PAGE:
By Patrick Kampert
Cleaning up the environment is hard but rewarding work. But what if you could celebrate Earth Day by helping prevent the environment from getting messed up in the first place?
It's easier than you think, and it's something every kid can do. Ride your bike more, ride in the car less. You'd be following in the path of Colton and Grant S., two brothers from Oak Park, Ill., who have been biking a lot for the last six years.
"Every mile you bike instead of going by car prevents one pound of carbon dioxide from entering the atmosphere," says Colton, 14.
We checked with an expert and found that Colton's right. Jennifer Johnson, who works on global warming and energy for the Sierra Club environmental group, says the figure is 1.12 pounds per mile per car. The average sport-utility vehicle, she says, emits 1.65 pounds of carbon dioxide per mile. "U.S. cars and light trucks alone emit more carbon dioxide than every country in the world except China, Russia and Japan."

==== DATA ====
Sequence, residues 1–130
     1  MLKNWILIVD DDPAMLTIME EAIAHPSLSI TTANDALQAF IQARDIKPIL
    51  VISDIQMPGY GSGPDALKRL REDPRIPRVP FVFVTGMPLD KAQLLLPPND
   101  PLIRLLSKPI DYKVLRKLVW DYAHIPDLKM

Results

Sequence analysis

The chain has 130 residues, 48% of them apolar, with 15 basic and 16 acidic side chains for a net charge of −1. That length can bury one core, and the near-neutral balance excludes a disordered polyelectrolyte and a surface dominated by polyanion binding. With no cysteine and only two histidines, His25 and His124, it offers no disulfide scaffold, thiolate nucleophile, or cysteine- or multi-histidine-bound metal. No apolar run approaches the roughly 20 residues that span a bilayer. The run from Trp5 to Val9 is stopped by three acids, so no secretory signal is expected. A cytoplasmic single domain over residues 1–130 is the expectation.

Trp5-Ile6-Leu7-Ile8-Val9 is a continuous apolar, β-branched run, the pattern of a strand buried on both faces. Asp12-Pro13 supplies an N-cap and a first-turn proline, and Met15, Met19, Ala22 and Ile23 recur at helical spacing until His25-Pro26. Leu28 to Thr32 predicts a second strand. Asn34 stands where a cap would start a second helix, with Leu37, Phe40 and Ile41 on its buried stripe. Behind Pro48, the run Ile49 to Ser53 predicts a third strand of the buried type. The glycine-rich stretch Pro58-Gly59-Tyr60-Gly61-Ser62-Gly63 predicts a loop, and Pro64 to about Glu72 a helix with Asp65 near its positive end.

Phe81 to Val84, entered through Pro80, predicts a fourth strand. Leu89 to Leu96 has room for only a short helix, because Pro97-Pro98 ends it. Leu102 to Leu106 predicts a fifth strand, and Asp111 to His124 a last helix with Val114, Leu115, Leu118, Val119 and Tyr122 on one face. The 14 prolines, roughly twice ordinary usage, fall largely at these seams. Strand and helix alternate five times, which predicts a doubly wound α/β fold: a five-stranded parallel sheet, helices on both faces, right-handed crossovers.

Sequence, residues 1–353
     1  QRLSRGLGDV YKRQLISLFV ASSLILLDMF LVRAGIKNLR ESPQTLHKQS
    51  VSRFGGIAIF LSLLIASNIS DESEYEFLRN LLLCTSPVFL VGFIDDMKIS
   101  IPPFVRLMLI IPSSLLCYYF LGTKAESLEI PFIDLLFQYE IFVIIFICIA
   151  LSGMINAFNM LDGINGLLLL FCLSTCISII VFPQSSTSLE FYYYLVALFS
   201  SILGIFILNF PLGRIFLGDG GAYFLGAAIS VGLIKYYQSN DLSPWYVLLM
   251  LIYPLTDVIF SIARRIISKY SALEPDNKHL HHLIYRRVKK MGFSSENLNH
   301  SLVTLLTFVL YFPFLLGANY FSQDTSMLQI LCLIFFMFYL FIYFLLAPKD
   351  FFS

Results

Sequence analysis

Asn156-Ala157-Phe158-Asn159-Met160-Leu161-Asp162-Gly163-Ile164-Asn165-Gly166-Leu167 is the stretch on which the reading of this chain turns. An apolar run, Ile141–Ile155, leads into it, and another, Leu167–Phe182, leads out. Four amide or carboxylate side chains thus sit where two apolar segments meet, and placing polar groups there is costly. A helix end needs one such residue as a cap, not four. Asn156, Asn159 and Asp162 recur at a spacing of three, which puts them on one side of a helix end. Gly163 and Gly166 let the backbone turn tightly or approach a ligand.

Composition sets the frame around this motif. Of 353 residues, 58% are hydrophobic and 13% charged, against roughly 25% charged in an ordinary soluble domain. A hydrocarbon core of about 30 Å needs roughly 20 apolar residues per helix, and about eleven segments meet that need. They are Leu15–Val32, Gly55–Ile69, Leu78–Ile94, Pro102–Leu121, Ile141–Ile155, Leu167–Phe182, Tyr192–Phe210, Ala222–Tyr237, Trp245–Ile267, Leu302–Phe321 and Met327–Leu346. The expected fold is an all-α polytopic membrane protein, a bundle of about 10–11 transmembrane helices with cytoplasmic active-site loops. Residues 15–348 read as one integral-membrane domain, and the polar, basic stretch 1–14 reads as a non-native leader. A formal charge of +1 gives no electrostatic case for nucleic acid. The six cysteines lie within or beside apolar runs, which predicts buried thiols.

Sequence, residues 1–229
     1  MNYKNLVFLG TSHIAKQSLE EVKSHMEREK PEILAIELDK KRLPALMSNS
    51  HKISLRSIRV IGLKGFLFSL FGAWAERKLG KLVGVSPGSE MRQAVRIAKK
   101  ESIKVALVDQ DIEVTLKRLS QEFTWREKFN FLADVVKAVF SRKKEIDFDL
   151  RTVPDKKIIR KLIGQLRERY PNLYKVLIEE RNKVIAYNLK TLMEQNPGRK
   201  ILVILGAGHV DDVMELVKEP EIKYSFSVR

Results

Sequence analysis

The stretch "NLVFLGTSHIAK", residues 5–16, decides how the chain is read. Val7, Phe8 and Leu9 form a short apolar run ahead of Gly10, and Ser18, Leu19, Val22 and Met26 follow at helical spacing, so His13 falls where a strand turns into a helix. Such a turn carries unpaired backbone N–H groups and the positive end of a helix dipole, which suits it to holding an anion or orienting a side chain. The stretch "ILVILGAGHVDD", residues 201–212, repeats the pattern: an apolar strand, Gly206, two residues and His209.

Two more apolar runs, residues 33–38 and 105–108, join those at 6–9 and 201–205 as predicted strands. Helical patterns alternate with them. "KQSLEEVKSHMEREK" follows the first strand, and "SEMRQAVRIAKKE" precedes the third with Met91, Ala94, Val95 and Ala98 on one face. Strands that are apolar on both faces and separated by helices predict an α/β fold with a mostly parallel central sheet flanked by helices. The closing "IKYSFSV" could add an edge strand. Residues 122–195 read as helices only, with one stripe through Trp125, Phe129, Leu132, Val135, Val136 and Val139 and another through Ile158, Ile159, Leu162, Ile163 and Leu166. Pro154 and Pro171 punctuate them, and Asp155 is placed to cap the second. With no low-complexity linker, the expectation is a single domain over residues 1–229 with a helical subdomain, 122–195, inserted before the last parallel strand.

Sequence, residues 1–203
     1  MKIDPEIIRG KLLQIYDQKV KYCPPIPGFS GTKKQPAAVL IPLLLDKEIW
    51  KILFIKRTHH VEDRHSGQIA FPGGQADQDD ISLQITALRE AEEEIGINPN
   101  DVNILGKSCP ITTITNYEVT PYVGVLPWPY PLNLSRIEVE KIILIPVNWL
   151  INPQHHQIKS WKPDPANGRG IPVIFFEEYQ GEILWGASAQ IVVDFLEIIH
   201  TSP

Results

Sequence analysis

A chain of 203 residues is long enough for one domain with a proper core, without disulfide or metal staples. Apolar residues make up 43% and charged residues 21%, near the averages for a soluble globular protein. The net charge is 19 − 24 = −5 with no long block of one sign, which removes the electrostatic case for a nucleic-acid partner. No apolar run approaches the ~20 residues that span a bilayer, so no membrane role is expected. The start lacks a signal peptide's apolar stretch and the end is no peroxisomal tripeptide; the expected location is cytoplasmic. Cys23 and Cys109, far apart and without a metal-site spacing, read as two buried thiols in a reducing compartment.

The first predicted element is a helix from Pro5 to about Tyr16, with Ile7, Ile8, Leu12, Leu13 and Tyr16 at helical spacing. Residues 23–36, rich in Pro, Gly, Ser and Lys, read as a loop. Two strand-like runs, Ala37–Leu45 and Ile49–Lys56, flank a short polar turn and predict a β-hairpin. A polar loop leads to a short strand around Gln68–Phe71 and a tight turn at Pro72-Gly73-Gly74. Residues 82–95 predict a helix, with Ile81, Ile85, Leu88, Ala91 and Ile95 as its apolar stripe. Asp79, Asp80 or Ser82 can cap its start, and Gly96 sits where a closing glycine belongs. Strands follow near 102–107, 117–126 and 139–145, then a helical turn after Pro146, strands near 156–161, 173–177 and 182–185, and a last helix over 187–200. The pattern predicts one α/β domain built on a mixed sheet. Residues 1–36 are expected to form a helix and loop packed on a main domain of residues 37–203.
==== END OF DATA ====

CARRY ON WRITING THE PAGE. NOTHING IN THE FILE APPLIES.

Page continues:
Colton says he and his brother didn't set out to become biking crusaders.
"Bikes were originally a way for us to get to local libraries," he says. "We still do that, but we're going farther and farther, and it's now a way of life."
The boys average 1,800 miles a year on their bikes. They recently went past the 10,000-mile mark, so they've saved 5 tons of carbon dioxide from polluting the air.
Grant, 11, likes biking because "it's slower and you can stop anytime you want to." Colton says biking lets them "see all the scenery." Besides, he adds, "The car is a bit stuffy and boring. With biking, you're actually interactive."
© 2001, Chicago Tribune.
Distributed by Knight Ridder/Tribune Information Services.